One day after Trump and Putin met in Helsinki to dismantle the principle of multilateralism and a few days after the US president called the EU one of America’s biggest enemies, the European Union and Japan are responding with the signing of a free trade agreement that concerns 600 million people. It’s a trade partnership strengthened by a strategic partnership. It is the largest agreement ever signed by the EU.
For the first time in a trade partnership text there is a specific reference to compliance with the Paris Treaty on Climate Change. For Europeans, the signing in Tokyo on Tuesday was an opportunity to respond remotely to the attacks in Trump and defend cooperative global commerce.
Commission President Jean-Claude Juncker called it “a statement about the future of free and fair trade.”
“We believe that we can make each other stronger, safer and more prosperous when we work together in a rules-based international system,” he said. “It is about values, principles and finding win-win solutions for all those concerned. … As far as we are concerned, there is no protection in protectionism – and there is no unity where there is unilateralism.”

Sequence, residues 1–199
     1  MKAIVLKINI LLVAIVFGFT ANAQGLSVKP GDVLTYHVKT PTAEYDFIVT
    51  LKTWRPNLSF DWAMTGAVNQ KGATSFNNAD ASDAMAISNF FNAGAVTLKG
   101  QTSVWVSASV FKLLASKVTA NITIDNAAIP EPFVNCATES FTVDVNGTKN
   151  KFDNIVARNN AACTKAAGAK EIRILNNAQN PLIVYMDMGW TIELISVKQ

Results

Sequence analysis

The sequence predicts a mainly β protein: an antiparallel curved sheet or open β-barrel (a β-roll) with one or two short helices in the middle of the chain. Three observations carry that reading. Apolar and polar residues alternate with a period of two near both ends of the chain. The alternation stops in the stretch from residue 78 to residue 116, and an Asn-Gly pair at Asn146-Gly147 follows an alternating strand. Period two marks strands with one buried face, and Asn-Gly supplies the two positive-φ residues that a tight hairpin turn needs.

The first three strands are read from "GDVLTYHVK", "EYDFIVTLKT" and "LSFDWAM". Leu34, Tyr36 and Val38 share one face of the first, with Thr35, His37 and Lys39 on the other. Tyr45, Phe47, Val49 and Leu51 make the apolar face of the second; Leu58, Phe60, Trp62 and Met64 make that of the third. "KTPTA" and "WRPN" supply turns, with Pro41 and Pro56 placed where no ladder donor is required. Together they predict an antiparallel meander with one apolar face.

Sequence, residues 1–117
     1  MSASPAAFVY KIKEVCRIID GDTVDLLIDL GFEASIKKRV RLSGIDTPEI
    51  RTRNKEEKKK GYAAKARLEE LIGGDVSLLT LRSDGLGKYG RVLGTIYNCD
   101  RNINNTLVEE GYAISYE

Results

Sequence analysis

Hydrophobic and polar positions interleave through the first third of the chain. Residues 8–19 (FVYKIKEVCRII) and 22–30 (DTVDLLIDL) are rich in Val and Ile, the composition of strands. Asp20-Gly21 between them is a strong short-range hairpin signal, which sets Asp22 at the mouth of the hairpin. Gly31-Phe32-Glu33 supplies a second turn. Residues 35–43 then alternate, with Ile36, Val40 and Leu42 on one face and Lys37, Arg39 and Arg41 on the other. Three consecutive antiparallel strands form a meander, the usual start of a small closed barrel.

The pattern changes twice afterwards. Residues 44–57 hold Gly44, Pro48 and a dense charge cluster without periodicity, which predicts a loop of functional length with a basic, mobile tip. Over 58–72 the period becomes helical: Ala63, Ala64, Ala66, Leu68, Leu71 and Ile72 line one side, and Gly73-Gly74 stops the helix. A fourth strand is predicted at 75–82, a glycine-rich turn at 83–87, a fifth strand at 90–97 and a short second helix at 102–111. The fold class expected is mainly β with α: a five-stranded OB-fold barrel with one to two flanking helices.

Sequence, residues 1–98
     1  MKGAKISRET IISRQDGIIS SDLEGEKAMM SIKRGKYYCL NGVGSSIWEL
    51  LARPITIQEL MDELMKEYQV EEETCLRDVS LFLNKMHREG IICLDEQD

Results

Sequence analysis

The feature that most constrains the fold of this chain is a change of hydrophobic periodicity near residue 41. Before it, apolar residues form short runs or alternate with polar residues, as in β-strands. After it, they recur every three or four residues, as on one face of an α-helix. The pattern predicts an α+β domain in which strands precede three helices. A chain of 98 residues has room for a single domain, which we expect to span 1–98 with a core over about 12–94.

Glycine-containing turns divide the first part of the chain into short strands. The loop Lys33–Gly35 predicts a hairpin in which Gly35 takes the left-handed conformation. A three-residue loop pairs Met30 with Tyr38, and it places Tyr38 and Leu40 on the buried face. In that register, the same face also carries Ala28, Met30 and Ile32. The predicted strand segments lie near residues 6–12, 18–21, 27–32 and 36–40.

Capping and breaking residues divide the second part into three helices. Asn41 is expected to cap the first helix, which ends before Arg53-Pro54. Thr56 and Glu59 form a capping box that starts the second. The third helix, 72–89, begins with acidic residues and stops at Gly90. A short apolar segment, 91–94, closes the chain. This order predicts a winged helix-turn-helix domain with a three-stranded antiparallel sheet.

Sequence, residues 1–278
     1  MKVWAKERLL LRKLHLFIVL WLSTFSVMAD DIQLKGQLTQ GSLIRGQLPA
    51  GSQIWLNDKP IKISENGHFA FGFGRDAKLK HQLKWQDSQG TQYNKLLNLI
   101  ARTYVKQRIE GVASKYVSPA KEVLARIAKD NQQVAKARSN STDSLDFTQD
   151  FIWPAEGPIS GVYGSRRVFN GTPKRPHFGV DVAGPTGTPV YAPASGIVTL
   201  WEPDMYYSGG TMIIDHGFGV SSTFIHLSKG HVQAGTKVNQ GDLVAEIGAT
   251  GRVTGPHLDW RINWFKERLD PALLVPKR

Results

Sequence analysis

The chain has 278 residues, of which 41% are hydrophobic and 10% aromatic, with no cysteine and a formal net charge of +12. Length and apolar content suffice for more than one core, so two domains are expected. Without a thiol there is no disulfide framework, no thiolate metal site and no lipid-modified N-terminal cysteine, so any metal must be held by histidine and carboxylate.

More directly, Donald Tusk, President of the EU Council: “We are sending a clear message that we stand together against protectionism.”
The agreement includes a chapter on data protection, which establishes the mutual recognition of the two systems, with an integration in Japan of the principles of the General Data Protection Regulation, which has recently entered into force in the EU. Nuclear non-proliferation is also mentioned.
During the meeting in Tokyo, the EU and Japan also discussed international issues: in particular, the Iranian nuclear agreement, which they both defend and which Trump wants to eliminate, penalizing companies that have relations with Iran in the US. The trade agreement provides for the elimination of more than one billion trade tariffs between the EU and Japan. In particular, Japan, a relatively closed economy, opens up to the import of European agricultural products (recognizing more than 200 registered designations of origin). In return, Europe will lower customs tariffs on Japanese cars and components.
At the end of the month, Trump will receive Juncker in Washington. The Western front is now divided—to Putin’s great satisfaction—between the destroyers of regulation who believe only in power relations, and the defenders of multilateralism. The EU is pushing to seek an agreement with China, even if Europe has problems with the aggressive trade policy of Beijing.
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